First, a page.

4 June 2008
LAWRENCE, David Herbert (1885-1930). Autograph letter signed ('D.H. Lawrence') to [Harold T.] Mason, Les Diablerets, Switzerland, 4 February 1928, 2 pages, 4to (some wear to folds).
ON HIS ATTEMPTS TO PUBLISH LADY CHATTERLEY'S LOVER: 'I'm going over my novel here -- the typescript -- and I'm going to try to expurgate and substitute sufficiently to produce a properish public version for Alf Knopf, presumably, to publish. But I want to publish the unmutilated version myself in Florence -- 1000 copies in all -- half for England. I shall send out no review copies. I shall make no advertisement -- just circulate a few little slips announcing the publication. Then, perhaps, if I post direct from Florence to all private individuals before I send any copies to England, so that there can be no talk beforehand -- perhaps that would be safest. I'm terribly afraid a crate might arouse suspicion and the whole thing be lost ... I daren't crate the whole damn thing'. He asks Mason's advice, proposing to send him 50 copies, as well as a set of proofs. The Lawrences are in Switzerland to try the effect of the cold air on his chest, but will return within a month to Florence. The letter, which opens with a reference to 'poor old Rabelais' (a rare edition of whose works had been confiscated by US customs) and also mentions Aldous Huxley, who is to receive 'a copy of that porcupine', closes with the plea 'don't be impatient with me'.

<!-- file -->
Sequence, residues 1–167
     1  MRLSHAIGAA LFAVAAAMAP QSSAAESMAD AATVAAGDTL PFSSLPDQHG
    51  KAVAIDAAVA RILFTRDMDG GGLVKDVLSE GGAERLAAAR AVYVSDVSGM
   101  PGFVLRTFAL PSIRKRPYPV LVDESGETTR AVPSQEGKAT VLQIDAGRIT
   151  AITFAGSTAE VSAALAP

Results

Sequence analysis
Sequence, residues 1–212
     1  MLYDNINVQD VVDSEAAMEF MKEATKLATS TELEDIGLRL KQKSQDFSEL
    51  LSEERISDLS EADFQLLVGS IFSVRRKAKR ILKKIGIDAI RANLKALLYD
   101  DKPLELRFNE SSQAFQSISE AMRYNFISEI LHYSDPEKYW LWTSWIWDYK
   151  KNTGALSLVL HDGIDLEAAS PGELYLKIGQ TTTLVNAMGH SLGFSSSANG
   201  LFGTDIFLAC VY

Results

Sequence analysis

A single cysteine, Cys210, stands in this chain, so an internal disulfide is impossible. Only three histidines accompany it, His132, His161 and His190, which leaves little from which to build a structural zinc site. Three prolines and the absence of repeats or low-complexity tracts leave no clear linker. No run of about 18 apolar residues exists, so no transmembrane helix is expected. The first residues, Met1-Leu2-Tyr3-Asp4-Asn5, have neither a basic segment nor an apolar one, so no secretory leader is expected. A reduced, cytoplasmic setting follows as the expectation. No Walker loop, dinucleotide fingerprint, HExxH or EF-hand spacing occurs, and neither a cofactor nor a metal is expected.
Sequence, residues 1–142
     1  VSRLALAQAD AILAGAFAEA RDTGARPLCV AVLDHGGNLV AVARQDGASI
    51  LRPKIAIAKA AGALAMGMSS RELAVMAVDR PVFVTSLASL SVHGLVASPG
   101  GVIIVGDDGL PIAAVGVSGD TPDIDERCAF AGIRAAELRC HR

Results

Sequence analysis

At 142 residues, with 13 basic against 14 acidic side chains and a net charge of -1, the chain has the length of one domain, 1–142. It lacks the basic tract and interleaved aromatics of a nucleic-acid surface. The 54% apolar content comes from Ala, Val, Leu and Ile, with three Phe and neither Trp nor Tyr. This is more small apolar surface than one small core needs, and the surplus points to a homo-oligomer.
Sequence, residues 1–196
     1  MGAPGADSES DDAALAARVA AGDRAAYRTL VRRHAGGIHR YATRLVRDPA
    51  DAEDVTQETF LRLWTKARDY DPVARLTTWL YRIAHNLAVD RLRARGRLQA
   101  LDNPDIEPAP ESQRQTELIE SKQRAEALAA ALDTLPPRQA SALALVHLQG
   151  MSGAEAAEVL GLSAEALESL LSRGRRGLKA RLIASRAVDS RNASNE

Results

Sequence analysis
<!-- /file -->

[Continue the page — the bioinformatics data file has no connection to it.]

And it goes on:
No. 4297 in the Collected Letters, ed. James T. Boulton (published from a photocopy held by University of Texas). (2)
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